The Private Lives of Elizabeth and Essex (1939)

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The Private Lives of Elizabeth and Essex (1939) Poster

A depiction of the love/hate relationship between Queen Elizabeth I and Robert Devereux, the Earl of Essex.


7.1/10
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  • Bette Davis and Errol Flynn in The Private Lives of Elizabeth and Essex (1939)
  • Bette Davis and Errol Flynn in The Private Lives of Elizabeth and Essex (1939)
  • Errol Flynn and Donald Crisp in The Private Lives of Elizabeth and Essex (1939)
  • The Private Lives of Elizabeth and Essex (1939)
  • The Private Lives of Elizabeth and Essex (1939)
  • Errol Flynn in The Private Lives of Elizabeth and Essex (1939)

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17 June 1999 | Bob-274
10
| A stunning tour de force by Davis and Flynn.
One of my top 10 best movies of all time! This has to be Davis' best dramatic performance ever - the voice, the mannerisms, the psychological torment between Queen and woman. Never have I seen a character performance like Davis' where she literally shakes with the emotion and tension she feels! Even her eating habits are a source of fascination.

Flynn gives another dashing performance of an emotionally shallow, politically incorrect Essex - he never really quite understands just what he is dealing with until towards the very end. To Essex (and probably to Flynn too!) a woman is just a woman ready to acquiesce to her man at his whim and his detractors at court are simply disgruntled competitors for the affections of his woman. Honest and trustworthy, he has no time patience or comprehension of the treacheries of Raleigh and Cecil or the political considerations of Elizabeth.

Though the plot is quite straightforward it is the absorbing script that allows this actors' tour de force - this is one of the few movies ever where the lead characters are allowed to talk from their hearts. Davis portrays a bitingly intelligent woman in desperate need of one honest voice she can trust and depend upon in a sea of political plots and assorted self-interests. Her determination to rule her people wisely avoiding senseless wars is constantly assailed by her great doubts to continue to command respect and love of her people as she ages and must seek impartial counsel amongst a court of self-seeking, two-faced advisors. She walks the razor's edge of lonely command and tormented despair.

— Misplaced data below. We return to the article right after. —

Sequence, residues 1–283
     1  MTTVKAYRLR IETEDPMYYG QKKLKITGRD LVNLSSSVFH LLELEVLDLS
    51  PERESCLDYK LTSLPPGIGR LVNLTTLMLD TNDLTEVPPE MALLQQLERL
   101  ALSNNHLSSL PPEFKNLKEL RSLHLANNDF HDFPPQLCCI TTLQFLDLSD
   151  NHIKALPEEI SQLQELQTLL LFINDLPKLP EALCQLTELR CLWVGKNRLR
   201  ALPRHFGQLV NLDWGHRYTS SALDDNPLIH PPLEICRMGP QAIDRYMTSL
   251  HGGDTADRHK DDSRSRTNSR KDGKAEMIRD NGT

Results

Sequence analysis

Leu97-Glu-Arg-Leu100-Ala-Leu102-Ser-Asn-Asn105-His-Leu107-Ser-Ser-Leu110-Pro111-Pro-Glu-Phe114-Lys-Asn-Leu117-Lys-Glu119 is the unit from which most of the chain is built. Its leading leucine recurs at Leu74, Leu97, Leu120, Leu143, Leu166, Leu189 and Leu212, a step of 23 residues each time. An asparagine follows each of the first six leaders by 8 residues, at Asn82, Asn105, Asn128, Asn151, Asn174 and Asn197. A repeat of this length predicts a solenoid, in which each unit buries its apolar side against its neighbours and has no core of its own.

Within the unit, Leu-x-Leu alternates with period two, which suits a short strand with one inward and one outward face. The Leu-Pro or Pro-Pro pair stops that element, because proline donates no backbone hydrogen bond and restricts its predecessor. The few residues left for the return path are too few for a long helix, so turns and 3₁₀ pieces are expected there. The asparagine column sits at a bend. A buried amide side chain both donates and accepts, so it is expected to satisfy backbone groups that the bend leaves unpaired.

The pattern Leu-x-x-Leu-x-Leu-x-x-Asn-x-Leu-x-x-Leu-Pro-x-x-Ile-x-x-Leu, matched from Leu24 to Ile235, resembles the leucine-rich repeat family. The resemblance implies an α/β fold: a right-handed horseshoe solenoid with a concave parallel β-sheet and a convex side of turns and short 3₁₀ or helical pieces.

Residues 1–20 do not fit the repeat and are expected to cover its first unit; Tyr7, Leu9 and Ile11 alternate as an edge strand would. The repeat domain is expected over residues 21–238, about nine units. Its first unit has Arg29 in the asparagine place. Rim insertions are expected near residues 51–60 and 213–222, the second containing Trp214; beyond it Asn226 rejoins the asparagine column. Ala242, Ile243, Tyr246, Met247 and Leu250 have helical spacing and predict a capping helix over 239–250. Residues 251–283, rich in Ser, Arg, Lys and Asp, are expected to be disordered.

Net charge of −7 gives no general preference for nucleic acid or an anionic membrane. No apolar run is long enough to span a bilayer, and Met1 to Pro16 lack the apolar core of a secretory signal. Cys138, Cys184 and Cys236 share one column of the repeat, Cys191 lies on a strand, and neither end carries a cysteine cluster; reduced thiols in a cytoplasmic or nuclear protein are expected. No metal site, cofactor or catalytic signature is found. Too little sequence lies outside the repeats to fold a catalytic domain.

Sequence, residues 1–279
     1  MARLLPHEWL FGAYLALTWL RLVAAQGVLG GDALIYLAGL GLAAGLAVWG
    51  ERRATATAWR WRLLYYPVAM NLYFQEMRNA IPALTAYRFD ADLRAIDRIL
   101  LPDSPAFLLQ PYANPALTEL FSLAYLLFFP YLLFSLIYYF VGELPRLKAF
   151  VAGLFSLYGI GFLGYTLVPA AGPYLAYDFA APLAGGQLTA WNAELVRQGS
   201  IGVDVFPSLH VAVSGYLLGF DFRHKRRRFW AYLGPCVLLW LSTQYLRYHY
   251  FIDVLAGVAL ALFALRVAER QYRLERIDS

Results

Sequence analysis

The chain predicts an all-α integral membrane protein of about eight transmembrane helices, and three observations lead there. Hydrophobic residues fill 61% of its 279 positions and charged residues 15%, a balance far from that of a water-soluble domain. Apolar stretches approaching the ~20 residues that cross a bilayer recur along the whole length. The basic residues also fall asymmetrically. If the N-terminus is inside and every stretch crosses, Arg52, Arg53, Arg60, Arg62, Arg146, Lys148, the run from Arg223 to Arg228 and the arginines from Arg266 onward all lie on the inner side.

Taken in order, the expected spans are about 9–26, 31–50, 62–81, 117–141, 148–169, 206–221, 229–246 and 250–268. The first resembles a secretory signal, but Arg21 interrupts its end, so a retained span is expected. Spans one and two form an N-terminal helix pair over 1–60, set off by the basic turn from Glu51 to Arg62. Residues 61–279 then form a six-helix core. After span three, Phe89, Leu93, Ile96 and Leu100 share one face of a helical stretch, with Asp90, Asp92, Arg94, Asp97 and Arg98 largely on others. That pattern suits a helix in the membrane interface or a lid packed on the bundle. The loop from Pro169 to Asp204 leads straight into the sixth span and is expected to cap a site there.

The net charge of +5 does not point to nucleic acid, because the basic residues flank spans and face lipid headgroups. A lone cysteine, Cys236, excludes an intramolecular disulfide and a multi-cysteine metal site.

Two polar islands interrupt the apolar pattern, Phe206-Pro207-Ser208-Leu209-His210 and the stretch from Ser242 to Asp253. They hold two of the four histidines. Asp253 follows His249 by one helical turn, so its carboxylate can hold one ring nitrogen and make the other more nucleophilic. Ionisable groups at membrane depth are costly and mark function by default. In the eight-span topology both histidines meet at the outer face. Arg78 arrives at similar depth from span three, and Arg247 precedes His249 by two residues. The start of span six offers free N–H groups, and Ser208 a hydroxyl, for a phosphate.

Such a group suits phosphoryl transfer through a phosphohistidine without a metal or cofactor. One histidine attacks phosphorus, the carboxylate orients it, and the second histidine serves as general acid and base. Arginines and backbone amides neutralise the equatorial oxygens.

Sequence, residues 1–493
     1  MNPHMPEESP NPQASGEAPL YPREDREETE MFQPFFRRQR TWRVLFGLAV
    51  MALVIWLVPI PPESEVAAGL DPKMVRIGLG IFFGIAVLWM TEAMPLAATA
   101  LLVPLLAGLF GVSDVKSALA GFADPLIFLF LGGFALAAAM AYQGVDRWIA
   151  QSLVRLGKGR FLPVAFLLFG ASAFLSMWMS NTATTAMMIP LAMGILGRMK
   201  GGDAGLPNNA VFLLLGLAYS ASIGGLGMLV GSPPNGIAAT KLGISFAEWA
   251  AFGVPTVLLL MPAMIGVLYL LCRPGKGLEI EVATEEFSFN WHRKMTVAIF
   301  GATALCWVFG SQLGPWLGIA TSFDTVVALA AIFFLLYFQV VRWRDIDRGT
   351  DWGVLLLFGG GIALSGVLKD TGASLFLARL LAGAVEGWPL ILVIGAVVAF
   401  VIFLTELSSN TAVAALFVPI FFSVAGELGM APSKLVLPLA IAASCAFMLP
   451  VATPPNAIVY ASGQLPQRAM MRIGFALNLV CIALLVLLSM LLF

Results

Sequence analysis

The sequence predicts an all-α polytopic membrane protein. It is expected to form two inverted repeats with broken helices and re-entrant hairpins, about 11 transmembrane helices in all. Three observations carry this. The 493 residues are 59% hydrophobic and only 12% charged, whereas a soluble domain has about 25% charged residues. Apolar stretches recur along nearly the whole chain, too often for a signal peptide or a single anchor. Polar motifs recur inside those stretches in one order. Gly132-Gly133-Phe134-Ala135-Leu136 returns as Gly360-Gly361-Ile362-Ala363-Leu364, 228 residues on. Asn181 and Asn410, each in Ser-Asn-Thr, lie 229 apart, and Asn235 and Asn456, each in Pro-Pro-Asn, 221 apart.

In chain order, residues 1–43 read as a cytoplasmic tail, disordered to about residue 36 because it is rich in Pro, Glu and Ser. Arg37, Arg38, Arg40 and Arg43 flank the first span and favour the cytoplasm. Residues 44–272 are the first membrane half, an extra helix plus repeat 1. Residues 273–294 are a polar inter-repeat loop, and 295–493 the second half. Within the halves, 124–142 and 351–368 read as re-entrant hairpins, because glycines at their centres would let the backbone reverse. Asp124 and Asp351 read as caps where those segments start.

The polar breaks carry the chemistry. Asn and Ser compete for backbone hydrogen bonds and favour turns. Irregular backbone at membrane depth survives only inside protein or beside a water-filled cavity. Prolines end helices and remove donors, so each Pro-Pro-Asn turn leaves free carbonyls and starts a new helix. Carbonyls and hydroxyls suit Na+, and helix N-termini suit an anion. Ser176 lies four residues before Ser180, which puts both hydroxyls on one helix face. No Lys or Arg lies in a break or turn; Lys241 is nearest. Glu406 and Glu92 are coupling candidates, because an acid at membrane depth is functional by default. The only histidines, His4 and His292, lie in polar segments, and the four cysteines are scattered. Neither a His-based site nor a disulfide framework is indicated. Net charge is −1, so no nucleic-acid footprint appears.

DeHavilland's Penelope is a pivotal character whose envy of the queen and discounting by Essex drives her to attempt to destroy their relationship but finally realises where her loyalties lie.

But the highlight of the film is the intimate exchanges between Essex and Elizabeth that bring out the very best and the very worst in each as they explore their true intentions and their boundaries. The quality of these exchanges are so good that they rival today's psychological thrillers as Elizabeth finally uncovers Essex's true ambitions. It makes you realise how few relationships today could withstand such sincere probing as to the real character of the couple. And the dramatic finale is truly heart-wrenching when Essex becomes the true unselfish hero Elizabeth has been seeking upon finally realising what he would do to England if he shared her throne and that even Elizabeth herself is prepared to sacrifice everything she holds most dear for the man she desperately loves.

They just don't write movies like this any more and it is an excellent example of a masterpiece that can never age.

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